YAPC - Yet Another Portfolio Check (please)

Have a question about your personal investments? No matter how simple or complex, you can ask it here.

YAPC - Yet Another Portfolio Check (please)

Postby TimeRunner » Sat Dec 29, 2012 10:47 pm

Greetings, I *think* I've taken much Bogleheads advice to heart, but it never hurts to have another set of eyes on my portfolio. Here goes:

Employer: US Gov civilian agency, non-law enforcement/non special-pay position
Emergency funds: $20K
Debt: Mortgage, $465K fixed 30 @4%, about $455K remaining with accelerating payments will be paid off in 12 years. Small house in highly desirable near-beach location, value $850K. Would like to retire in place, however Calif taxes may drive me to Nevada (?) by age 70. Prop tax approx $9K/year.
Tax Filing Status: Single, considering marriage, no kids, potential spouse 8 years younger, working full-time, her gross income approx $68K.
(EDITED PER FIRST REPLY BELOW) Tax Rate: 33% Federal in 2011/2012, else 28%, 9.3% CA State
State of Residence: Calif
Age: 58
Desired Asset allocation: 65s/35b but open to advice
Desired International allocation: 30-50% of stocks (Intl been good to me so far.)

Current retirement assets
Taxable
$500 Vanguard CA Tax-Exempt MM Fund (VCTXX) (0.17%) (Sweep acct)
$29K Vanguard Emerg Mkts Stock Index Fund Admiral VEMAX (0.20%)
$48.6K Vanguard Total Intl Stock Index Fund Admiral VTIAX (0.18%)
$30K Vanguard Total Stock Mkt Index Fund Admiral VTSAX (0.06)
$4.2K Vanguard VAW ETF (0.19%)
$65K AAPL (cost $39K LT)
$74.4K GOOG (cost $36.4K LT)

His 401k
$1.04M USGOV TSP L2020, contrib max every year since 1987, currently $22K pre-tax,
Employer match approx $7K (5%); target retirement date 5/2016.

Roth IRA at Vanguard (converted approx $216K in 2010 from TIRA, split as income between 2011 and 2012 tax returns)
$53.6K Vanguard VEMAX (0.20)
$62K Vanguard VBTLX (0.10%)
$68.6K Vanguard VTIAX (0.18%)
$121.6K Vanguard VTSAX (0.06%)

Expected CSRS Pension 5 years approx $10.5K/year @ age 62
Expected FERS Pension 32 years approx $49.3K/year @ age 62
Planning to not file for Soc Security until age 70, expected $40.5K/year @ age 70

New annual Contributions
$22.5K into TSP L2030 + employer match $7K
$6K into Roth via backdoor nondeductible TIRA contribution, zeroing out TIRA every year

Questions:
Age 58, will retire at 62 (god and gov't willing), should I continue to hold AAPL and GOOG or sell in 2013? I am somewhat uncomfortable with these large holdings.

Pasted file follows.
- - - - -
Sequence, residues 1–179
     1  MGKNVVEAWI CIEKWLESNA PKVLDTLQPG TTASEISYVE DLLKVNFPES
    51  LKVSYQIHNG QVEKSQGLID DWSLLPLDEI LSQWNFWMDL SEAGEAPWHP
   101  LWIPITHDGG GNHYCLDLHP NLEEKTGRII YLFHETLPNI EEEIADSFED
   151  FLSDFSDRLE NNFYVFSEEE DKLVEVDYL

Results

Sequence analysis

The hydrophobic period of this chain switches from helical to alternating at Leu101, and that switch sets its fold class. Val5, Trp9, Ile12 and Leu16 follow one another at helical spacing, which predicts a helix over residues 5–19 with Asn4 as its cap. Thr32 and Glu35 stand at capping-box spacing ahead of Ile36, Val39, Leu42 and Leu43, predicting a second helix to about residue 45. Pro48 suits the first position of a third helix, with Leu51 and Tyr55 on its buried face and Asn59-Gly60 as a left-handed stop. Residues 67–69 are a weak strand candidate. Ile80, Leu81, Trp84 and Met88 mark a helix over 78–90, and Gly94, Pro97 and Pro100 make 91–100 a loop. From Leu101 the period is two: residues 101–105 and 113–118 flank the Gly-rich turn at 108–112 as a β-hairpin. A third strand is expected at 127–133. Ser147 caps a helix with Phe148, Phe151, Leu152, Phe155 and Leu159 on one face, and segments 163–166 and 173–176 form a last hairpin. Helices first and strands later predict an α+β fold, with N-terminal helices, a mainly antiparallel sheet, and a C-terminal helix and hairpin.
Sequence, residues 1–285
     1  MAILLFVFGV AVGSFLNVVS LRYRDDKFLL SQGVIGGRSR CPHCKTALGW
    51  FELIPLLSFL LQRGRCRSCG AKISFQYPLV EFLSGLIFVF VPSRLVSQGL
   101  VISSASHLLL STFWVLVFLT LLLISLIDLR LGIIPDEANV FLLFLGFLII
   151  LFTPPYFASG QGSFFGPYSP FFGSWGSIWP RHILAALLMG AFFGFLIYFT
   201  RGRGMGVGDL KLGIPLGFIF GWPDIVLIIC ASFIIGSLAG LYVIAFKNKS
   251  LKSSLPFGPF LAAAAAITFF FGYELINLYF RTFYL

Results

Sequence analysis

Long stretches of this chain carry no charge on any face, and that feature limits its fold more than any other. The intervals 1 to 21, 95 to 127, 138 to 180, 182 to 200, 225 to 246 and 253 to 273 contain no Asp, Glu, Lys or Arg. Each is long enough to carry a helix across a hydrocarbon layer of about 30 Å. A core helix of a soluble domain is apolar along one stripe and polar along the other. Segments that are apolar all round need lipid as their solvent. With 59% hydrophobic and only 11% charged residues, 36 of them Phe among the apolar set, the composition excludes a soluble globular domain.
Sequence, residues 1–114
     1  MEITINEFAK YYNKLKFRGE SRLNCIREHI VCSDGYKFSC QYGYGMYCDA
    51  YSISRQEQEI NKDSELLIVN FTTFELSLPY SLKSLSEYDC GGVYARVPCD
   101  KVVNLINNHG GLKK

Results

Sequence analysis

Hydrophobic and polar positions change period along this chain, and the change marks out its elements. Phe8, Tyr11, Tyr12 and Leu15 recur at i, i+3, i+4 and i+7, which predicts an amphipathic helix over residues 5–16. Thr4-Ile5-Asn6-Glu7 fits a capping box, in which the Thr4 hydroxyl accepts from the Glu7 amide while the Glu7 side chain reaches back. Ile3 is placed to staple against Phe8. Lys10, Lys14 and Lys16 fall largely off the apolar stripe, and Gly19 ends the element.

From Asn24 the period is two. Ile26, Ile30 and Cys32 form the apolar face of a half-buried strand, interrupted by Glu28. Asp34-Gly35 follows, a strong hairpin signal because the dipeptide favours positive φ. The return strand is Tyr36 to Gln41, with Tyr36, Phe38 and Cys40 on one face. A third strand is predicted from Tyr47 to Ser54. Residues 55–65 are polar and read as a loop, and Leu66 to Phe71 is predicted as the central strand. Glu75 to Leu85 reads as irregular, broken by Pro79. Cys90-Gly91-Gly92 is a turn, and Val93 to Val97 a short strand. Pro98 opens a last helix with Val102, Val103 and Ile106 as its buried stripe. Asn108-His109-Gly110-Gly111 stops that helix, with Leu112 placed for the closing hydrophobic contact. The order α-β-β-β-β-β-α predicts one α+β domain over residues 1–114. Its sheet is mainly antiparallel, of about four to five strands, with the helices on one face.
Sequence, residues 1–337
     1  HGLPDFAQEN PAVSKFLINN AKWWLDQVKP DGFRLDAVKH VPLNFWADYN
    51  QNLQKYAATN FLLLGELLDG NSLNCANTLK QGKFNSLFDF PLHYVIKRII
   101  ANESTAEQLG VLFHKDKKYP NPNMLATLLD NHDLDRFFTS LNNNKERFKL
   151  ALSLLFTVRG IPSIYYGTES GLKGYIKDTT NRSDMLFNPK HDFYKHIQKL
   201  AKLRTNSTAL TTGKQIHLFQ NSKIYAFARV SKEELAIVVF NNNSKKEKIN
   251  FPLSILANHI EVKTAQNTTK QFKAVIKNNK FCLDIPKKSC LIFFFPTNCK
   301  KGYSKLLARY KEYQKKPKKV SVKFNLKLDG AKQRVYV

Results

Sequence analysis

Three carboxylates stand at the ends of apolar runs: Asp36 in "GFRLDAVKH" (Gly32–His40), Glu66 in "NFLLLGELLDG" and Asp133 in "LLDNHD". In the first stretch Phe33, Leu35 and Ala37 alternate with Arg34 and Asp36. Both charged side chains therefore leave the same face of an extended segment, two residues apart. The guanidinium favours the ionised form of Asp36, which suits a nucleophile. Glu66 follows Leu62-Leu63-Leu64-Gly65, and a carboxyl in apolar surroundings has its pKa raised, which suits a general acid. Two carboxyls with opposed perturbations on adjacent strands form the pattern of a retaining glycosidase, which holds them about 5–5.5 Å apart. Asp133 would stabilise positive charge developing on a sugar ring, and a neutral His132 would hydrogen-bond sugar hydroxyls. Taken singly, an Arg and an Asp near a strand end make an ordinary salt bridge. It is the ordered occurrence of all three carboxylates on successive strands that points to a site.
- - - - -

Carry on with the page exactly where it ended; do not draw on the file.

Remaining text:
Rebalance recommendation? or change holdings?
Invest $6500 backdoor Roth for 2013 into which fund?

Thanks all! :)
Last edited by TimeRunner on Sun Dec 30, 2012 12:07 am, edited 1 time in total.
User avatar
TimeRunner
 
Posts: 263
Joined: 29 Dec 2012
Location: Central Coast Beach Town, CA

Re: YAPC - Yet Another Portfolio Check (please)

Postby bdpb » Sat Dec 29, 2012 11:38 pm

TimeRunner wrote:Debt: Mortgage, $465K fixed 30 @4%, about $455K remaining with accelerating payments will be paid off in 12 years. Small house in highly desirable near-beach location, value $850K. Would like to retire in place, however Calif taxes may drive me to Nevada (?) by age 70. Prop tax approx $9K/year.

(Effective 2012) Tax Rate: 20% Federal, 9.3% State

Questions:
Age 58, will retire at 62 (god and gov't willing), should I continue to hold AAPL and GOOG or sell in 2013? I am somewhat uncomfortable with these large holdings.
Rebalance recommendation? or change holdings?


You need to report your marginal tax rate, not effective.

In the grand scheme of things, your AAPL and GOOG holdings are not that big, around 5% of your portfolio. I wouldn't sell until I was in a better tax situation for selling.

With tax laws changing soon, I would wait before I made too many moves.

I would use taxable assets to pay down/off the mortgage.

After retiring, I would move to NV for a while to do Roth conversions, visiting my former home in CA once in a while.

Do you make charitable contributions? Donate the taxable assets with the largest CGs.
bdpb
 
Posts: 1192
Joined: 6 Jun 2007

Re: YAPC - Yet Another Portfolio Check (please)

Postby TimeRunner » Tue Jan 01, 2013 12:20 am

Thanks bdpb, for the reply. Good advice. I want to take another look at this more holistically with my fiancee's finances - something I really haven't seriously done to date, but which I really need to do. Gulp! She's extremely responsible, so I don't expect any surprises. I'll repost with her info in the next month or so. In the meantime, I *think* I understand your advice re: roth conversions post retirement...which I think is looking at filling the buckets below 28 or 33% tax bracket or so with Roth IRA conversions using TSP money that has been transferred to a TIRA.

Thanks again!
Ferris: Life moves pretty fast. If you don't stop and look around once in a while, you could miss it.
User avatar
TimeRunner
 
Posts: 263
Joined: 29 Dec 2012
Location: Central Coast Beach Town, CA

Re: YAPC - Yet Another Portfolio Check (please)

Postby hoppy08520 » Tue Jan 01, 2013 12:47 am

TimeRunner wrote:...with Roth IRA conversions using TSP money that has been transferred to a TIRA....

Just one point... I'm not sure if you're talking about rolling over all or part of your TSP. Before rolling over, think carefully about that as the TSP has the lowest ER you can find, and it has the G Fund which could be a valuable fund for a retiree.
hoppy08520
 
Posts: 1221
Joined: 18 Feb 2012

Re: YAPC - Yet Another Portfolio Check (please)

Postby nedsaid » Tue Jan 01, 2013 4:38 am